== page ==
There are many common misconceptions on Eurobonds out there. I was going to compile a list, but the German economic newspaper Handelsblatt did me the favor of having them all in one article – however not identified as such.
The political pressure on Germany and other surplus countries within the Eurozone to introduce Eurobonds is constantly increasing. I’m not a big fan of Eurobonds without further political integration, but given the problems of the deficit countries, I fear we may not have the time to introduce a common democratic European government to orderly introduce Eurobonds. As I write this, Angela Merkel and Sarkozy just pleaded for a common European Economic Government. As Merkel’s CDU always cited this too as a prerequisite to the introduction of Eurobonds, I guess that the chances that we actually will get Eurobonds are increased, despite Merkel saying otherwise.
So the question addressed in this post is: Can Eurobonds work without further political integration and thus without creating a “transfer union”. Yes, that is possible.
There is some trouble going on in the CCC camp as the CCC expelled Daniel Domscheidt-Berg from it’s club. The CCC board was irritated, if not irate, because Daniel asked the hackers at the camp to look into his and other leaking platforms. The CCC claims that Daniel wants to lever on the clubs reputation and insisted that it turned similar requests by other parties down previously and Daniel should have known. Here is the talk that Daniel held on the camp that apparently caused this anger.
To be honest, nothing in this talk struck me as calling for trouble. Seeing this talk, it is hard for me to imagine that the CCC decision was biased and well thought through. I also don’t see the point in criticizing Daniel as a person. His project is not ideal, especially because he didn’t deliver on the transparency yet that the name OpenLeaks promises. However, what Daniel said in this talk is well in line with previous talks, with what common sense, and with information that I obtained in some private Email exchanges with the OpenLeaks team. So, unless someone else comes up with a more promising project, I hope the OpenLeaks team proceeds and we finally have a leak platform up and running again.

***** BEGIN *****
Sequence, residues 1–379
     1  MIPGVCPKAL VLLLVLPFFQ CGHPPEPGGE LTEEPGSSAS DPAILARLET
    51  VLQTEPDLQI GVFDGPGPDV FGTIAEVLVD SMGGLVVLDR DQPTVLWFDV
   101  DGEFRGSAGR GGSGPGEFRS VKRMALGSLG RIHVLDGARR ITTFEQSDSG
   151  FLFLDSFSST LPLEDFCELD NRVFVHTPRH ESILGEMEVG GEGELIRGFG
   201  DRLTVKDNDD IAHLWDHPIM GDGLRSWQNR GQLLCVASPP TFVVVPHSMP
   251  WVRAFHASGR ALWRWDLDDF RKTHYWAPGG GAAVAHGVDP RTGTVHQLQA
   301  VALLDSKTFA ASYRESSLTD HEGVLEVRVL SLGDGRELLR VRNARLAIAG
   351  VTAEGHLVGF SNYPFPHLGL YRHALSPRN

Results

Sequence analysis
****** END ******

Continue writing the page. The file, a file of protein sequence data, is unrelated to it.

While people are awaiting a market massacre following the USA downgrade to AA+ by S&P, I felt it’s about time to update my regular list of country risk premiums.
- While tomorrow everyone will surely watch the CDS spread of the USA, on Friday there was no mayor movement before closing. Compared with a month ago (8th of July 2011), it widened only 1BP. So either the downgrade did leak or it left the markets completely unimpressed. I’d guess the later.
- Once again strong increases took place in the Eurozone countries, with especially worrying increases for Cyprus (the spread more than doubled to 809BP), Spain (+40% to 414BP), and Italy (+66% to 373BP).
- Nearly all other Eurozone countries saw also widening spreads, most worryingly France and Belgium were reminded that nobody is untouchable in this crisis. The only Euro members with narrowing spreads were Greece, Portugal and Ireland that profited from the recent bailout, but stayed at pathological levels. The savings in funding costs for these countries was rather small, so I wonder if the bailout was in the interest of the European people as it likely increased the average funding costs across all countries.
- Some non-Euro countries like Sweden and Poland also saw widening spreads. Probably due to significant exposures to the Eurozone in their banking systems and because they will be hit by a recession in Europe.
Since its inception, long before it came to focus of the media, the main topic of this blog has been the country risk created by the financial crisis and it’s political consequences. As this is increasingly an European issue and I feel we have to start developing a truly European Demos, I’ll start to write article mainly in English in the hope to attract more readers – and hopefully commentators – from other countries to broaden up the discussion.